A motorist is tailgating on the inner lane of Shaikh Mohammad Bin Zayed Road. Experts say such driving habits are a recipe for disaster. Additionally, they also warn against motorists who refuse to give way to faster vehicles. Image Credit: Virendra Saklani/Gulf News

Abu Dhabi: Traffic radars in the capital will now capture tailgating and issue fines to violators, the Abu Dhabi Police announced on Monday.

The smart system, which will take effect on January 15, targets drivers who are not committed to leaving enough distance between vehicles on the roads. Violators will incur a fine of Dh400 and four traffic points.

Abu Dhabi Police will send out text messages to notify violating drivers and warn them about the fines in case of repeated tailgating instances.

Brigadier Mohammad Dahi Al Humairi, Director of the Traffic and Patrols Directorate at the Central Operations Sector, said a traffic awareness and control campaign is being conducted by the Abu Dhabi Police to check negative behaviour in line with the requirements of Section 52 of the Traffic Control Rules and Procedures No. 178 for 2017 that will be applied to violating drivers who do not leave enough space between vehicles.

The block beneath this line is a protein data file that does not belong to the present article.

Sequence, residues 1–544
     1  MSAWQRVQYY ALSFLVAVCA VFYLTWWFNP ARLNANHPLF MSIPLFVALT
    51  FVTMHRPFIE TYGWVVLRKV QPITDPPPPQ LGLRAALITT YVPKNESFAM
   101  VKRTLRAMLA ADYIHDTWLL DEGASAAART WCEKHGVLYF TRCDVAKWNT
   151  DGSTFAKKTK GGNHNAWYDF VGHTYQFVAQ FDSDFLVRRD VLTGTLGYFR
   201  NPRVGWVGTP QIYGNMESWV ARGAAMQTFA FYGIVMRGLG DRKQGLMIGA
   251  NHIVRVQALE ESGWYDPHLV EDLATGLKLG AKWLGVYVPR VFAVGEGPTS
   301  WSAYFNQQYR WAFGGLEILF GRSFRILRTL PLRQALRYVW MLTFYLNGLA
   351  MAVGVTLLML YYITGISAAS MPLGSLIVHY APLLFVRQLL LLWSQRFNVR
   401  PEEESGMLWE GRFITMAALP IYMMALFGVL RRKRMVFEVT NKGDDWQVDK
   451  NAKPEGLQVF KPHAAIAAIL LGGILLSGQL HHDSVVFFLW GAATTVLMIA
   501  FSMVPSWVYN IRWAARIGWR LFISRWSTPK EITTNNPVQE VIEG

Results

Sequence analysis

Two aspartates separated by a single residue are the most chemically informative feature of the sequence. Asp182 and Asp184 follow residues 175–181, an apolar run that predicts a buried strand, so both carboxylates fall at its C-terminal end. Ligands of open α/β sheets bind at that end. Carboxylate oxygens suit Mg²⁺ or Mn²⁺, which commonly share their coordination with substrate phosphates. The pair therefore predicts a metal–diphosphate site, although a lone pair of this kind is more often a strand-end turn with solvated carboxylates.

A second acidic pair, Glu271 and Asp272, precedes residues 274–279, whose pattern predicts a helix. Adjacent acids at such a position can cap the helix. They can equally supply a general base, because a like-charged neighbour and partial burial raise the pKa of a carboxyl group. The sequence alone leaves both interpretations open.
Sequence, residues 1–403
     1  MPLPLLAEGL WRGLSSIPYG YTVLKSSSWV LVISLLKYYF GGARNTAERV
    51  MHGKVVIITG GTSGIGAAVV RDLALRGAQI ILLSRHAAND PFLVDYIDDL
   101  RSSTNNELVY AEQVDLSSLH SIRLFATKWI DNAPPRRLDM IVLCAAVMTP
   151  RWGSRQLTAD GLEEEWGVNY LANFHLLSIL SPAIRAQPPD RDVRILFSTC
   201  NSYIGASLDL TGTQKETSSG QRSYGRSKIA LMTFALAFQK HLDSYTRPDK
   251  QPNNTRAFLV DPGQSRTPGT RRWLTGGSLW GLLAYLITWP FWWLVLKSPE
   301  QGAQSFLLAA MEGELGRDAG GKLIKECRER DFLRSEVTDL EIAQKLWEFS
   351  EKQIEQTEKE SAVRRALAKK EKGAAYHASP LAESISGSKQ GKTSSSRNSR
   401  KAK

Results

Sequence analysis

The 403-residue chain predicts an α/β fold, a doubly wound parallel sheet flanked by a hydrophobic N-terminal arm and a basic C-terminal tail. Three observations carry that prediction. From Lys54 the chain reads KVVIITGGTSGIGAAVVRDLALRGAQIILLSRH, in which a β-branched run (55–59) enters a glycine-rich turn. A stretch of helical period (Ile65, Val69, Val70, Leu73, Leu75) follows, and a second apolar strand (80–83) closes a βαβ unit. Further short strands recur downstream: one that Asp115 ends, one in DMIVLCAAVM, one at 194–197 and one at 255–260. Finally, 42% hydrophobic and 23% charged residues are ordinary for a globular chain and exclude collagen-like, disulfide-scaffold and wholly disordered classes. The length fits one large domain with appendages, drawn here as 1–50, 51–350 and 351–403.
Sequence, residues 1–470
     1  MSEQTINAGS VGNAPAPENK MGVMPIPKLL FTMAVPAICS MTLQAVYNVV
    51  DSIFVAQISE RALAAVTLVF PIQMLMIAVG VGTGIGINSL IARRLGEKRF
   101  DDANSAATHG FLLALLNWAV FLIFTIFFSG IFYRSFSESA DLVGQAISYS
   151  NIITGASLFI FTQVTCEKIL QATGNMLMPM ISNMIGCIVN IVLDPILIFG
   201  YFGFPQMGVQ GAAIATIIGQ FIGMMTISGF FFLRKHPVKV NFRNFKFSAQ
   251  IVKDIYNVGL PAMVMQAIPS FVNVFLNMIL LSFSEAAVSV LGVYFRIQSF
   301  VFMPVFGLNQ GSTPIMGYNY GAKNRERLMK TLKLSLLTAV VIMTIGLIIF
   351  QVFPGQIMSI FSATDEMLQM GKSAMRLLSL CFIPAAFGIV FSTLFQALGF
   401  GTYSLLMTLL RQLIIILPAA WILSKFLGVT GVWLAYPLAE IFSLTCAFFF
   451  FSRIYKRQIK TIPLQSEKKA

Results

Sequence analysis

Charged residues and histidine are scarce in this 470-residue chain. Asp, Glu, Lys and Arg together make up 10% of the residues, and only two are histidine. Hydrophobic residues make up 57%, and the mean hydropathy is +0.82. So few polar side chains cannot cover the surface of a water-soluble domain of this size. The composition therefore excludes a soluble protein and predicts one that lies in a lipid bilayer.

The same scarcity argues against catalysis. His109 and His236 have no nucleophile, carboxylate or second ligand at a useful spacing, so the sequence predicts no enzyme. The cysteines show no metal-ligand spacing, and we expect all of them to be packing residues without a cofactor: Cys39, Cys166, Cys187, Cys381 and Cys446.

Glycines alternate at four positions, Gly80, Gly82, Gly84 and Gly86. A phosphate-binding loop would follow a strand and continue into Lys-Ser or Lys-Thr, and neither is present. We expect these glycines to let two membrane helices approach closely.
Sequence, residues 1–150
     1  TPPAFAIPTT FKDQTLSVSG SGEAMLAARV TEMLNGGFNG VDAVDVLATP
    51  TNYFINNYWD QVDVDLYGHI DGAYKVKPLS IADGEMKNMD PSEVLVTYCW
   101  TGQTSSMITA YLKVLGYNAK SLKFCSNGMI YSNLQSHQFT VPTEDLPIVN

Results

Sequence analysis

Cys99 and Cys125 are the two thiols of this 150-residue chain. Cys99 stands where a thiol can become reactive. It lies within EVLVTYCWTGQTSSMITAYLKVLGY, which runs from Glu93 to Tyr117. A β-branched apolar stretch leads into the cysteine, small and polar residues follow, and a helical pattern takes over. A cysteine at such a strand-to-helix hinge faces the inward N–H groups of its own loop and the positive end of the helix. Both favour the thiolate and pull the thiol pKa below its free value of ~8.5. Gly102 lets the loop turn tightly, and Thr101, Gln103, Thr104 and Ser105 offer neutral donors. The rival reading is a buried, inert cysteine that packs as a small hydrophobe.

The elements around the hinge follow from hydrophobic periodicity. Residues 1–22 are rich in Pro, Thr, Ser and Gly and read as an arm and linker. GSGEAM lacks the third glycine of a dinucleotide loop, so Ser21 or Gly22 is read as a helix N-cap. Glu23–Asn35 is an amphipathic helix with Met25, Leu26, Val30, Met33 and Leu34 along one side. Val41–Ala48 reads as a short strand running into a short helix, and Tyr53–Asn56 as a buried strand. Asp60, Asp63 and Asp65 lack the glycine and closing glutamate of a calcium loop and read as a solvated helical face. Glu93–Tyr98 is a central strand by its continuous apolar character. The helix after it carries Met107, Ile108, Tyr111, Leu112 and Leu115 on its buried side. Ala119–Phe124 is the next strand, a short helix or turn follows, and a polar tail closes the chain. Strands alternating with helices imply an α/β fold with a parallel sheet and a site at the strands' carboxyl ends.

The campaign includes raising traffic awareness for drivers in five languages through media and social media accounts of Abu Dhabi Police. The focus of the messages will be on the dire consequences of failure to comply with traffic laws and regulations, particularly the adverse effects of not leaving adequate distance between vehicles.

Brigadier Al Humairi appealed to motorists to leave sufficient distance behind vehicles to protect themselves and other road users from accidents.

The importance of leaving enough distance between two vehicles allows drivers to keep control and apply brakes on their vehicles with sufficient buffer space in the event of the vehicle in front stopping suddenly, he added.

The capital’s motorists welcomed the initiative, saying it would make the roads safer.

Abu Dhabi resident Riyazullah Khan said tailgating is a big problem and people come too close to vehicles on the highways.

“I believe drivers must exercise caution and abide by the rules. Those who drive slowly in the fast lane are also breaking traffic rules; they should abide by the speed requirements of the lane they are in,” Khan said.

Another resident who did not want to be named said, “Slowing down suddenly in the fast lane also causes cars to collide. The new buffer rule will help combat this problem too,”

What’s the minimum space?

Although Monday’s announcement does not specify the minimum space that is required to be left between vehicles, five-metre buffer zones between moving vehicles had long been proposed as a minimum.

But travel safety experts had earlier told Gulf News that this distance should be extended to greater lengths to give motorists more time and distance to brake more safely.

Five metres falls relatively short of the time and distance needed by motorists to react and brake to avoid colliding with motorists travelling ahead in the event of an accident. Distances of at least 40 metres between vehicles travelling at 80km/h marked through the use of chevrons painted on roads are common safety measures adopted in Canada, the United States and Europe.